IN A PUBLIC LETTER addressed to the California Department of Education on Wednesday, all 20 original authors and members of the advisory committee for the Ethnic Studies Model Curriculum (ESMC), a guide to help the state’s K-12 schools design their own ethnic studies courses, announced they were removing their names from the current draft. Dr. Allyson Tintiangco-Cubales, professor of Asian American Studies at San Francisco State University and a founding co-chair of the ESMC Advisory Committee, described the scholars’ anger in her comments at a Zoom webinar hosted by the Save Arab American Studies Coalition. “I am outraged that some of the loudest voices being heard and making decisions about what ethnic studies should or should not be in California have never even taken an ethnic studies class,” she said. “Many of them are not even educators, and they are making decisions about what we are allowed to learn.” The authors could no longer be associated with a curriculum they considered “not . . . worthy of California students,” she said. “I am outraged that a curriculum that should have been about our liberation has now been watered down.”
The authors’ disavowal is the latest chapter in a more than four-year saga, in which the once promising effort to make ethnic studies a key facet of K-12 education in the most populous state has produced what many supporters say is an almost unrecognizable document. Criticisms of the curriculum—ranging from debates over which ethnic groups should be included to complaints about capitalism’s appearance on a list of oppressive systems—have prompted repeated overhauls. The disagreements have jeopardized a plan to make ethnic studies—a discipline that emerged from radical student movements in the 1960s and ’70s to highlight stories of anticolonial struggle and the experiences of communities of color—a graduation requirement for all California students; Governor Gavin Newsom has said he won’t enact such a rule until the troubled curriculum has achieved “balance.” The authors had hoped that their work might serve as a model for how issues of race and racism should be taught nationwide. Now, they argue that the latest draft barely reflects the intellectual and political principles of their field.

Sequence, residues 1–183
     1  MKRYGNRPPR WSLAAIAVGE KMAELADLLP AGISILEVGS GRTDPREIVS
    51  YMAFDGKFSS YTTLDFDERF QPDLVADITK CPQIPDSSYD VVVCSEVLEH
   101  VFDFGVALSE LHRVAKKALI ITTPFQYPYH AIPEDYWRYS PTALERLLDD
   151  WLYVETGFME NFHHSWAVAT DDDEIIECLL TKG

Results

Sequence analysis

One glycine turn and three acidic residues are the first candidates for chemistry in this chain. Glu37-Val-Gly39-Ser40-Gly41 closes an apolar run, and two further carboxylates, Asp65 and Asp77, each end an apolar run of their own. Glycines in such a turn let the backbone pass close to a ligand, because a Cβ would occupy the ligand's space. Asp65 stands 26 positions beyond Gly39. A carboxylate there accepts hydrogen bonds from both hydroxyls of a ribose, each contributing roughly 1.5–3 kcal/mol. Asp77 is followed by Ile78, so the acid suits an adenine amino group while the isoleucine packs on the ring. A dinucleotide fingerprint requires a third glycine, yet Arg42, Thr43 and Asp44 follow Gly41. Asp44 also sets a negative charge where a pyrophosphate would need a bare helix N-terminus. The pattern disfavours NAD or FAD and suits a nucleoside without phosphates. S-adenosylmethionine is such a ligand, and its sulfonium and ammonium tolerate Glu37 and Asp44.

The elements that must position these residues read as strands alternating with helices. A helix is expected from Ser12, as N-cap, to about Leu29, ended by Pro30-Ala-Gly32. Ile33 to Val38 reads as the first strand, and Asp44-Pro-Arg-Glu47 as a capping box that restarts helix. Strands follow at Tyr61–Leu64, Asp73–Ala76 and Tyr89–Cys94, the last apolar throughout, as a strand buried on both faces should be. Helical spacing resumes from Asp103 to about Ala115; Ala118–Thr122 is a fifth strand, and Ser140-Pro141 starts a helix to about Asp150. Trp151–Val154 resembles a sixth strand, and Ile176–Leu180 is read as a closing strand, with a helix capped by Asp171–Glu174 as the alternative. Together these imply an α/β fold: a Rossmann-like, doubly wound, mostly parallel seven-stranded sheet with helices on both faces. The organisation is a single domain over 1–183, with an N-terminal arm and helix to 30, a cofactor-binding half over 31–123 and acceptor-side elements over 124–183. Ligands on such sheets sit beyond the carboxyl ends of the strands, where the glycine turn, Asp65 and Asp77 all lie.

The campaign against the ESMC that produced this impasse has been led by Israel-advocacy groups, whose opposition originally focused on the inclusion of material related to Palestine—including mention of the Boycott, Divestment, and Sanctions (BDS) movement—but has since broadened to encompass larger complaints about the project. In December, these forces declared multiple victories: The CDE had excised all Palestine-related content from the draft, along with much of the content about Arab American studies in general, while agreeing to add two lesson plans on Jewish American experience and antisemitism. (The draft makes brief mention of Palestinian Americans, but does not consider their relationship to Palestine or include any mention of Palestine as a place.) At first glance, these lessons, which focus on Sephardi and Mizrahi Jews and Jews’ relationship to whiteness, seem in line with ethnic studies’ goal of teaching about the experiences of marginalized groups. But several Mizrahi and Sephardi scholars and community organizers say one of the new lessons, created by JIMENA (Jews Indigenous to the Middle East and North Africa), instead uses the stories of Jewish minorities as an excuse to include popular right-wing talking points about Israel, such as the controversial argument that criticizing the state is a form of antisemitism, and the assertion that Jews are “indigenous” to the Middle East. The result is a version of ethnic studies unrecognizable to scholars and community organizers engaged in the field—and heavily influenced by those who oppose the discipline’s very existence. The changes to the curriculum demonstrate the power that right-wing Israel-advocacy groups have amassed in California—and shows how their work forecloses opportunities to frame the fight against antisemitism as part of an intercommunal effort to oppose white supremacy.